Bond Rating with piGrammatical Evolution

Created by W.Langdon from gp-bibliography.bib Revision:1.3973

@InCollection{Brabazon:2008:K-DC,
  author =       "Anthony Brabazon and Michael O'Neill",
  title =        "Bond Rating with {piGrammatical} Evolution",
  booktitle =    "Knowledge Engineering and Intelligent Computations",
  publisher =    "Springer",
  year =         "2008",
  editor =       "C. Cotta and S. Reich and R. Schaefer and A. Ligeza",
  volume =       "102",
  series =       "Studies in Computational Intelligence",
  chapter =      "2",
  pages =        "17--30",
  keywords =     "genetic algorithms, genetic programming, Grammatical
                 Evolution",
  isbn13 =       "978-3-540-77474-7",
  DOI =          "doi:10.1007/978-3-540-77475-4_2",
  abstract =     "Most large firms use both share and debt capital to
                 provide long-term finance for their operations. The
                 debt capital may be raised from a bank loan, or may be
                 obtained by selling bonds directly to investors. As an
                 example of the scale of US bond markets, the value of
                 new bonds issued in 2004 totaled $5.48 trillion, and
                 the total value of outstanding marketable bond debt at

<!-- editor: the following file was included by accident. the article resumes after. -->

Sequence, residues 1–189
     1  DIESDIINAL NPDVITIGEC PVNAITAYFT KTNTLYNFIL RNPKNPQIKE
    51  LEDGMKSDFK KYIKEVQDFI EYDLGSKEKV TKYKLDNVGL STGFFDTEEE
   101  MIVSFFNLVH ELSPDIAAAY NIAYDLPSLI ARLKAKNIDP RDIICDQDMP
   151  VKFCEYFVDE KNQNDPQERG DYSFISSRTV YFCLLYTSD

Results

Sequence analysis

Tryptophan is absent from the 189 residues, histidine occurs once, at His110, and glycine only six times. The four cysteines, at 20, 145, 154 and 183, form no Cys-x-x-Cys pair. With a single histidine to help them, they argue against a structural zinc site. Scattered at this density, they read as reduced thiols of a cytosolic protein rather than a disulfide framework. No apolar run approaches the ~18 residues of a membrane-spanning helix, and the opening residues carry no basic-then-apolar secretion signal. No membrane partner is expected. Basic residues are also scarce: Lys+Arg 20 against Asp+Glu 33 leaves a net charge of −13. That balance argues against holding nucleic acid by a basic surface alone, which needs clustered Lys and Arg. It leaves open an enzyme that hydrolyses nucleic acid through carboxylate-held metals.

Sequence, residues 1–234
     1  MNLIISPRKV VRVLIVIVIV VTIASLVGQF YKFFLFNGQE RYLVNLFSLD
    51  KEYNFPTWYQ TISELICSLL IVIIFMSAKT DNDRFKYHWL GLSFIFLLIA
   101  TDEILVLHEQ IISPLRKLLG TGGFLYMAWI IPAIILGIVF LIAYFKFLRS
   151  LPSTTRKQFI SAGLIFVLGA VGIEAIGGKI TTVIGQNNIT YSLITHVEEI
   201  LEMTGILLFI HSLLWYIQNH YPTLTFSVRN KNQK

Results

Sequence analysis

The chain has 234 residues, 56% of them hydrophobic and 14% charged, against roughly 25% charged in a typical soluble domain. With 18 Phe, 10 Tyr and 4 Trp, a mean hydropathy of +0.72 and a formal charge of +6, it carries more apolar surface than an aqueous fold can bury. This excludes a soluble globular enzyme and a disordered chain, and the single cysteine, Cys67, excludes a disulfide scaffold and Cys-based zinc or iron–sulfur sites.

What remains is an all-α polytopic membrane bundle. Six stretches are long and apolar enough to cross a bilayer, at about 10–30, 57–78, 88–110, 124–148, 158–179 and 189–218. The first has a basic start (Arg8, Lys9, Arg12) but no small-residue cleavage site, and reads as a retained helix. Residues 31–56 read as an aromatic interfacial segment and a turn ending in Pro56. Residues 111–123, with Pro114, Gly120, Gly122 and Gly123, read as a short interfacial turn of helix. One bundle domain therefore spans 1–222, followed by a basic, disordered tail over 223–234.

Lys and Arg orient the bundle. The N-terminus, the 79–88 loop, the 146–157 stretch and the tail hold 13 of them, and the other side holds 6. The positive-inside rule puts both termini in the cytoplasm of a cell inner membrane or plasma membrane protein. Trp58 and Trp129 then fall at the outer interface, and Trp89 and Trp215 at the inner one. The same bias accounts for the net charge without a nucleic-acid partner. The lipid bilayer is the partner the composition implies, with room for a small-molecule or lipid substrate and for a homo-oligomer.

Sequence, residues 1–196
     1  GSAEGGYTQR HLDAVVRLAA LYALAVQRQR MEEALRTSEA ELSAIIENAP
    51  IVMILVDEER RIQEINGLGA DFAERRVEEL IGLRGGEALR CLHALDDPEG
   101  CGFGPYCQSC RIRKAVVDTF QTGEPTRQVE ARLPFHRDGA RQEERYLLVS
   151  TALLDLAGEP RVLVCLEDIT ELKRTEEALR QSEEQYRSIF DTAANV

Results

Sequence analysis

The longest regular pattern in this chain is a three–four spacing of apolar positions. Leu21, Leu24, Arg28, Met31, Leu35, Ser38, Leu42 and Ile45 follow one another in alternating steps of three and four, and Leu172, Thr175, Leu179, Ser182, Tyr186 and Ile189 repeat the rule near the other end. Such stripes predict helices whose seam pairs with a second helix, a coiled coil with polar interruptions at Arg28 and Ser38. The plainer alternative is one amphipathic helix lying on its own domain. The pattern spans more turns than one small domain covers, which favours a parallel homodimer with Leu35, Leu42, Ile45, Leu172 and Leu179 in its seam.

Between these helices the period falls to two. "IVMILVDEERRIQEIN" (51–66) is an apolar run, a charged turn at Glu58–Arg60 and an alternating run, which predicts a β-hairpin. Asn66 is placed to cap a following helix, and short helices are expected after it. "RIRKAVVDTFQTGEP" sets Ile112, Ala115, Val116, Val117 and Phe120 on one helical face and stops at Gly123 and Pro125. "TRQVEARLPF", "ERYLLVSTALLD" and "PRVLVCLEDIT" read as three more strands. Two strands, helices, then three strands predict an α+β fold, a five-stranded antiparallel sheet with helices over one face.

31 December 2004 was $23.6 trillion [1]. In comparison,
                 the total global market capitalisation of all companies
                 quoted on the New York Stock Exchange (NYSE) at
                 31/12/04 was $19.8 trillion [2]. Hence, although
                 company stocks attract most attention in the business
                 press, bond markets are actually substantially
                 larger.

                 When a company issues traded debt (e.g. bonds), it must
                 obtain a credit rating for the issue from at least one
                 recognised rating agency (Standard and Poor's (S&P),
                 Moody's and Fitches'). The credit rating represents an
                 agency's opinion, at a specific date, of the credit
                 worthiness of a borrower in general (a bond-issuer
                 credit-rating), or in respect of a specific debt issue
                 (a bond credit rating). These ratings impact on the
                 borrowing cost, and the marketability of issued bonds.
                 Although several studies have examined the potential of
                 both statistical and machine-learning methodologies for
                 credit rating prediction [3-6], many of these studies
                 used relatively small sample sizes, making it difficult
                 to generalise strongly from their findings. This study
                 by contrast, uses a large dataset of 791 firms, and
                 introduces pi GE to this domain.",
}

Genetic Programming entries for Anthony Brabazon Michael O'Neill

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